Tuesday, August 4, 2009

What is Code Quality Anyways?

Since I was young, my father has encouraged me to become a writer, so a few years ago, I entertained the idea, and bought a book by Stephen King called "On Writing". From it, I learned several aspects of good writing. One of the most memorable was to avoid adverbs ending in -ly. The reason they should be avoided is because your verbs, nouns and adjectives should describe your intentions without the use of adverbs. Adverbs are extra fluff, and when overused, are the mark of an immature writing style.

Until I read that book, I never thought about the importance of one sentence. A good novel writer ensures that his audience is not subjected to needless modifiers that serve to support poorly written sentences. Not only this, but he does it on a consistent basis, one sentence at a time, until the entire novel is written, all the while focusing on the overall plot of the book. The mark of quality in a novel is it's ability to move the plot forward while avoiding unnecessary distractions. This hallmark is established with each and every sentence.

In the publishing world, there are checks and balances to ensure that before a novel is released, the quality of the novel matches up to certain standards. After the novelist writes the novel, he sends the manuscript to the publisher, who typically suggests one or many edits that the manuscript needs before it's ready to be published. The novelist then edits his manuscript and repeats this process until the book is ready to publish.

Now, liken yourself to a novelist. You have a novel (your code) full of sentences (lines) that you're tasked to write. The assumption is that you will not only focus on the purpose of the application, but will also focus on how that purpose is to be achieved, by paying attention to each and every line of code. I've heard it said recently that "it only takes one line to create a dependency". This statement shows the power that one line of code can have. It can make or break your application.

So what is code quality? Quality code can only come from paying attention to each line you write. As I'm writing this blog, I'm paying attention to each and every sentence I write. I'm reviewing each one to verify they communicate my point clearly and concisely. The reason I'm doing this is because I know there are people who will read this post. They'll analyze what I'm saying, and won't want to waste their time while reading it. They expect to learn something from every sentence.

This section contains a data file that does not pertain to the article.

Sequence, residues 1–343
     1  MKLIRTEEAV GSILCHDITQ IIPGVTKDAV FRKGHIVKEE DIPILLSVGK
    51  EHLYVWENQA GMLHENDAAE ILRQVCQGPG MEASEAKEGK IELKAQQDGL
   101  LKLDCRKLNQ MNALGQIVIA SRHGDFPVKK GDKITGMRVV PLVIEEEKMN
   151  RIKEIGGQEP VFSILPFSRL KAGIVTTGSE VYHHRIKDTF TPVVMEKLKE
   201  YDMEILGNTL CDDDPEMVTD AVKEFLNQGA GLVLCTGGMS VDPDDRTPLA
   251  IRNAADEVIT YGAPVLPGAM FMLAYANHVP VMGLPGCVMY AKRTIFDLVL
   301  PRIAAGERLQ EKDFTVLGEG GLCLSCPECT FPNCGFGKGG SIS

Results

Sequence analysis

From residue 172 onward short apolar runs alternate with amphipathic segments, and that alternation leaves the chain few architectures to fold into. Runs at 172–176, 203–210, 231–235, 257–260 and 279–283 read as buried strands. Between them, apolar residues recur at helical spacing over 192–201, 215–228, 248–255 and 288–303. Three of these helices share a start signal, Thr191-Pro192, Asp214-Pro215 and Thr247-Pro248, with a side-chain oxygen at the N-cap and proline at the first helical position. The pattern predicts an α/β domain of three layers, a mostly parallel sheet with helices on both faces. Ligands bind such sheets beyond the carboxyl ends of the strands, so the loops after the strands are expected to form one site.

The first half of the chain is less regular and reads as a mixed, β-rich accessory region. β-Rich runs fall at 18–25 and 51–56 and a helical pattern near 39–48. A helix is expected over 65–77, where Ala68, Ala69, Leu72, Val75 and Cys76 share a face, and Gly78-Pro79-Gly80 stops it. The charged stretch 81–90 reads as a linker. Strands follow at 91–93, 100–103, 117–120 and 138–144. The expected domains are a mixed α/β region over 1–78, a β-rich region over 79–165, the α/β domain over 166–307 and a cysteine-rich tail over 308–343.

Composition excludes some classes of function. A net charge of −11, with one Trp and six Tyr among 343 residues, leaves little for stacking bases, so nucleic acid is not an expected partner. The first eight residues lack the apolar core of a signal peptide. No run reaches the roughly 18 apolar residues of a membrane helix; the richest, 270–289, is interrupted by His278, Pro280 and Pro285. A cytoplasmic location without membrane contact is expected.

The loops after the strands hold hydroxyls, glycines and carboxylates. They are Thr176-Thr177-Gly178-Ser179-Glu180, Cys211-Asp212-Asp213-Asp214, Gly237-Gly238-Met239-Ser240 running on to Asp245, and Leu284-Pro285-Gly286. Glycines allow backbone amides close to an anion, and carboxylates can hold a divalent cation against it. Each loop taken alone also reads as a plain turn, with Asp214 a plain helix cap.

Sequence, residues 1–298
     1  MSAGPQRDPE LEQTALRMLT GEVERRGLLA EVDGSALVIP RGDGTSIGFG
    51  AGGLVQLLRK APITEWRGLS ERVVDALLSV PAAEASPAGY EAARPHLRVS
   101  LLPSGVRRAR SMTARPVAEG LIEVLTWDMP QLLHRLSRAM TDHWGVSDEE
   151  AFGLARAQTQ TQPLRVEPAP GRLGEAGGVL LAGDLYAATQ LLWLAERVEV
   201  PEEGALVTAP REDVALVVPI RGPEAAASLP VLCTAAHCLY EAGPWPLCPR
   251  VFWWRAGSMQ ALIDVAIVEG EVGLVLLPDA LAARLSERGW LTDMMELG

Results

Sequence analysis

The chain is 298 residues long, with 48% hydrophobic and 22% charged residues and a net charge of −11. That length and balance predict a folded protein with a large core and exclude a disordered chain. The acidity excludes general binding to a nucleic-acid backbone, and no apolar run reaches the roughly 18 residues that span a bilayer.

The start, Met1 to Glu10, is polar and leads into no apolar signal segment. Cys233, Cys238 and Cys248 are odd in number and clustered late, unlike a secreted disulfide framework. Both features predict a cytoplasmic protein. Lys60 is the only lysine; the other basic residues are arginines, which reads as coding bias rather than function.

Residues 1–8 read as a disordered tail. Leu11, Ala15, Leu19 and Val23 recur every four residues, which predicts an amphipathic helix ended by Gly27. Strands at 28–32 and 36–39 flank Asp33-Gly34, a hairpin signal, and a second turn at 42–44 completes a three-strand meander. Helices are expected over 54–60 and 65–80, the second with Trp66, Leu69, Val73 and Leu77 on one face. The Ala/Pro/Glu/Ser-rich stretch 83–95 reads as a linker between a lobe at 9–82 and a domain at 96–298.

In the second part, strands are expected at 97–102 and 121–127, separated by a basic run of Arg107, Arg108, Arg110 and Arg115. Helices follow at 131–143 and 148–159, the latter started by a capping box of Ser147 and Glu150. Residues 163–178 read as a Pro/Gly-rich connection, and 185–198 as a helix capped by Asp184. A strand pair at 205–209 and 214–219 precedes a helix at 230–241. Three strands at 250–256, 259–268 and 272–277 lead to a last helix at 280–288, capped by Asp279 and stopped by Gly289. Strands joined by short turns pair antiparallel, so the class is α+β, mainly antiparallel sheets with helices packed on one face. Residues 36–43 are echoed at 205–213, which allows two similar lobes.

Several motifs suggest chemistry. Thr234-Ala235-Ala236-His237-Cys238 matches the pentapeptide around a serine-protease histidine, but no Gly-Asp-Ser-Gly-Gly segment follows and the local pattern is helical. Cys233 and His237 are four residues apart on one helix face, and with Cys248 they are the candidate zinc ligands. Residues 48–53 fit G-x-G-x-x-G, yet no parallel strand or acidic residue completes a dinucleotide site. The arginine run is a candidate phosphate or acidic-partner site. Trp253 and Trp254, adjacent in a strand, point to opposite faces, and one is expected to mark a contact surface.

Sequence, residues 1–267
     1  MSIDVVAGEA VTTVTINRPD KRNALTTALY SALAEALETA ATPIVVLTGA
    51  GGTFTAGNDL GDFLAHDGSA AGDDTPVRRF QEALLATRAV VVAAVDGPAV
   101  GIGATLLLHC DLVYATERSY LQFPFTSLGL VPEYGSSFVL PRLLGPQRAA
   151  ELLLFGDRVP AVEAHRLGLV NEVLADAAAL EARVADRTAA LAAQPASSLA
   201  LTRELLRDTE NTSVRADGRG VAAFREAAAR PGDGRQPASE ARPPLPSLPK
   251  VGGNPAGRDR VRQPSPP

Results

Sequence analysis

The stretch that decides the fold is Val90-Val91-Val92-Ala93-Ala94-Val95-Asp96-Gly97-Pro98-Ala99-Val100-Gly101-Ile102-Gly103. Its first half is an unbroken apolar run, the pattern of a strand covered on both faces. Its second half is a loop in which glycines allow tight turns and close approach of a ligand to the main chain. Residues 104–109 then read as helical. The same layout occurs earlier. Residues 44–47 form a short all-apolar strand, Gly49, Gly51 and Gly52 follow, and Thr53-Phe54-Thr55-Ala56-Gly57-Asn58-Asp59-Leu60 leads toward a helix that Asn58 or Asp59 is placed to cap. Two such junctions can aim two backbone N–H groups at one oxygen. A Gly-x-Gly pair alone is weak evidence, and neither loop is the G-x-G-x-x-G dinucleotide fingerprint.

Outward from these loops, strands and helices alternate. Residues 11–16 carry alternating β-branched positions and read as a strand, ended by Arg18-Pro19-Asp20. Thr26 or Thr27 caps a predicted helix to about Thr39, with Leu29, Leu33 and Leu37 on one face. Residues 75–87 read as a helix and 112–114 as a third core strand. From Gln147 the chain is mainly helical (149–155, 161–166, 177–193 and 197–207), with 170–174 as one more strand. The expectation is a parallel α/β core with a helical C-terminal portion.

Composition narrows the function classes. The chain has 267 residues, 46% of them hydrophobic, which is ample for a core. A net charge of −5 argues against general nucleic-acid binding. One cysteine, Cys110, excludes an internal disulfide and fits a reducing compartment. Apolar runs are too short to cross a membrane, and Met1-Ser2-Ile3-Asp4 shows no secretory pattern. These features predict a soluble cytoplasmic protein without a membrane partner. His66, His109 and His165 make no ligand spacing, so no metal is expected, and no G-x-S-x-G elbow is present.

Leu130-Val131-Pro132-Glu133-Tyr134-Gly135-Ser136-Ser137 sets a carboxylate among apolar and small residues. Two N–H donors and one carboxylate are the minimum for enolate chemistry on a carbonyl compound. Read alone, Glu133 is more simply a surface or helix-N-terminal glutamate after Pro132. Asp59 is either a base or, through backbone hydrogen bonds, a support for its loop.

So why don't we do this as much in our code? I think it's because we believe that our code will never be read. It will only be used. This is a false assumption that needs rejecting. Every day I read the code I've read in order to modify it, or in order to hunt down a bug. The way the code is written is almost as important as what it does. Poorly written code takes longer to maintain. Well written code can be maintained almost effortlessly.

Each line of code should serve a purpose. Each set of lines should be reviewed as it's being written, to ensure the most clear and concise expression of the concept is found. Each architectural construct should be reviewed for it's flexibility and it's contribution to the overall goal. This should happen not in a designated refactoring session, but during the moment-by-moment process of coding.

This takes patience, consistency and the ability to clearly adhere to and express the purpose.

Code quality, in my definition, is a well-assembled collection of well-expressed lines of code, none of them being taken for granted. This is a basic concept, but one that needs reinforcing from time to time. There are so many concepts to quality programming that it takes a lifetime to master them all (if indeed they can be mastered), but for a good start allow me to suggest SOLID principles and design patterns. Professional programmers will learn these techniques and use them to their advantage. Poor programmers will abuse the code and muddle it's intentions.

Refactor in the small, and refactor consistently as you go. A good place to start might be to begin reading Sean Chambers' current blog series entitled 31 Days of Refactoring.

Learn these techniques and apply them as you go, not after the fact, and you'll find at the end that your code can be as enjoyable to read as some of the world's greatest authors, from Hemingway to King to Rowling.

Write code like it's going to be read.